(Update: Adding video, comments from dog owner)
She'd like to see Oregon become the next state to ban 'archaic,' 'inhumane' traps
BEND, Ore. (KTVZ) -- Patti Mayfield was hiking with her partner on Sunday in the southwest end of Horse Ridge Trail, when her dog "Pilot" got caught in a trap.
Mayfield said they’ve hiked in the remote, off-leash area plenty of times with no issues, until now.
“Our first concern was that he was being mauled,” Mayfield said.
She said it seems like Pilot got a whiff of something and then ran off. The next thing she knew, he was screaming.
“He was really spooked,” Mayfield said. “You know, he was panting hard. Like I said, he had blood on his face, blood running down his limbs, he had been chewing at it.”
They found Pilot caught in a trap, but were able to pull him out in a matter of minutes.
Outside of some limping and pain, he had no serious damage.
But Mayfield, a veterinarian in Bend, sees this as a wake up call.
“I have frustration with a lack of awareness that the public has, and also with the lack of potential responsibility from trappers to be mindful of mixed use,” Mayfield said.
All traps need to be marked with owner ID and registration number, and set 50 feet from any designated trail.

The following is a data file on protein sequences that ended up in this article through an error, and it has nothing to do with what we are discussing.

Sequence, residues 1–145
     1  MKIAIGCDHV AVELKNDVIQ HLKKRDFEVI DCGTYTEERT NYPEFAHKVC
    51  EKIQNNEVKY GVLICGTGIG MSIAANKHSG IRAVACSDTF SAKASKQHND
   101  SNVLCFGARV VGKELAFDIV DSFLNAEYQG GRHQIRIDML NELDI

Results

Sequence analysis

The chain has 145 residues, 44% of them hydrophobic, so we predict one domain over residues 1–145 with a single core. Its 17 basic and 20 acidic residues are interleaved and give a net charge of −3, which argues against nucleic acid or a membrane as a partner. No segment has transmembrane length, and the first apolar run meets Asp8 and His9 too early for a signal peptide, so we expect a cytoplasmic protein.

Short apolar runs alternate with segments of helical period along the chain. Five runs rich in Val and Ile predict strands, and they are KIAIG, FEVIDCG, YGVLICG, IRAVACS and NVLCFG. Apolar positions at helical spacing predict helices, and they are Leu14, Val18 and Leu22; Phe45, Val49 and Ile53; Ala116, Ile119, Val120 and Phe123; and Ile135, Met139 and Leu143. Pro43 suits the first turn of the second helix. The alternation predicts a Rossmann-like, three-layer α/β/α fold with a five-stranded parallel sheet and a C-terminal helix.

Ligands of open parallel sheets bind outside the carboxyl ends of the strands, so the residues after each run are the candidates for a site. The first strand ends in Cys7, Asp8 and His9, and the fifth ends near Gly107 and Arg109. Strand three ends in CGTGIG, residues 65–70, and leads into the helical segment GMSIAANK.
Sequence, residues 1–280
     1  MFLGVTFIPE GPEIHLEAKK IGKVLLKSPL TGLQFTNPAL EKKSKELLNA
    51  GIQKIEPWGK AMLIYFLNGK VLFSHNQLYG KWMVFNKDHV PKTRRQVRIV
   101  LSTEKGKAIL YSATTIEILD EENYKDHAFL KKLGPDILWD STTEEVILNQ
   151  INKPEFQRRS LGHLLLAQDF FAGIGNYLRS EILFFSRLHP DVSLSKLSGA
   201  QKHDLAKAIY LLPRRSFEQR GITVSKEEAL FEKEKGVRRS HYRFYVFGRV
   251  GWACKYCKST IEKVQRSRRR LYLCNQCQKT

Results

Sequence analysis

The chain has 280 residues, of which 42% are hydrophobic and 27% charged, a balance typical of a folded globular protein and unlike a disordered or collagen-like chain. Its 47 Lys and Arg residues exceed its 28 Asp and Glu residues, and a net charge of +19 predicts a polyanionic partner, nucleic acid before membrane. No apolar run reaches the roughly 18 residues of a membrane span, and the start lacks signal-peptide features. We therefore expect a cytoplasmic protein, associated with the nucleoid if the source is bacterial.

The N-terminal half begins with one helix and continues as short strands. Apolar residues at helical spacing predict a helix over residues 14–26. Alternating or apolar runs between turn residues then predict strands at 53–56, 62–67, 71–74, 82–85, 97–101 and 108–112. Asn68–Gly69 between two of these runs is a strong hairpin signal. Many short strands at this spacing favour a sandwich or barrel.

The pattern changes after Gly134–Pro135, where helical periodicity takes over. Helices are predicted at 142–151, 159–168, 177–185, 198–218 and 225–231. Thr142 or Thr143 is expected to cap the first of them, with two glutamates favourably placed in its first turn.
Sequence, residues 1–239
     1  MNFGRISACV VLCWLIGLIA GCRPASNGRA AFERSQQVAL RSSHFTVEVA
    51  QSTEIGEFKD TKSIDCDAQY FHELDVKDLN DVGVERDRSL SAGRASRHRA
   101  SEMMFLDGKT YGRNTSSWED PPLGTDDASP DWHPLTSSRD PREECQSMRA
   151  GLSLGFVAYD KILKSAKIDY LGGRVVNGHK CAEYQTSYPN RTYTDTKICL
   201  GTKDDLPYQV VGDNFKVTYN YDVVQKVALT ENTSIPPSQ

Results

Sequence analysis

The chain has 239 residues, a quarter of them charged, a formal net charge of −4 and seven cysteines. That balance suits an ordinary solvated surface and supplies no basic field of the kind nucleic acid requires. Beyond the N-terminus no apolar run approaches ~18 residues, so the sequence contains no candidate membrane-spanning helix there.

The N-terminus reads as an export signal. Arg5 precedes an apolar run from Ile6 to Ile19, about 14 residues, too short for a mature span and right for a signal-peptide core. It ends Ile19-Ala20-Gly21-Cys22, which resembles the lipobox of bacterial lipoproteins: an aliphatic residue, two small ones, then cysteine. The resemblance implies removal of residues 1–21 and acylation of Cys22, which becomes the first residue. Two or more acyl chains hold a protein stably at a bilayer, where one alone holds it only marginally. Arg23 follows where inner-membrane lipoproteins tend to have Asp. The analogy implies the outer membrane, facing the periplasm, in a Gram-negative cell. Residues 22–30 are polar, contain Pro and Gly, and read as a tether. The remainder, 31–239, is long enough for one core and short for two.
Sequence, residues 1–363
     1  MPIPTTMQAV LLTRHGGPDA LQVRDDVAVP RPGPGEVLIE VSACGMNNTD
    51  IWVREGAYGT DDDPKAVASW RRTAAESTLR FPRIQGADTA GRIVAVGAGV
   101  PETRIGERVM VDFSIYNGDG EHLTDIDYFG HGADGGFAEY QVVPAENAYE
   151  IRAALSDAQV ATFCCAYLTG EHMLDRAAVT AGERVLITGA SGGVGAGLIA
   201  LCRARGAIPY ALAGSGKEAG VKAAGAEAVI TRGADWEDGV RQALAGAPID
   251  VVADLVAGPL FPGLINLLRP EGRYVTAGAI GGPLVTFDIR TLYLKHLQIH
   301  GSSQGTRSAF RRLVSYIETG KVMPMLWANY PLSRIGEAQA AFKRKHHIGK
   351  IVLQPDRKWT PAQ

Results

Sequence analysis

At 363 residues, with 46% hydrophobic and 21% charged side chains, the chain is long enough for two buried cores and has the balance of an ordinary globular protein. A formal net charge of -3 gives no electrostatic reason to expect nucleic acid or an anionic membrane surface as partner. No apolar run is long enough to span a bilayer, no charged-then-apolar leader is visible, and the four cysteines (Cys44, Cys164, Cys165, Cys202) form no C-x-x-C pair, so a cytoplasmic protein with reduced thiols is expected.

This trap technically followed those directions, because the part of the trail Mayfield and Pilot were on, is not officially recognized by Bureau of Land Management.
Legally set or not, she thinks it's dangerous.
“If they smell something, you know, they can dart 50 feet in a matter of seconds and be in a trap before you can get them back to your side,” Mayfield said.
ODFW and Oregon State Police data finds from 2004-2017, there were seven dogs that needed treatment from a reported trap injury.
With Oregon's population and trail use increasing, Mayfield thinks the use of traps should be revisited.
“I think that there are a lot of people who feel these traps are inhumane, and that they’re archaic, and that trapping is a privilege, it’s not a right,” Mayfield said.
Mayfield says other states have gotten rid of trapping, and she hopes Oregon is the next to do so.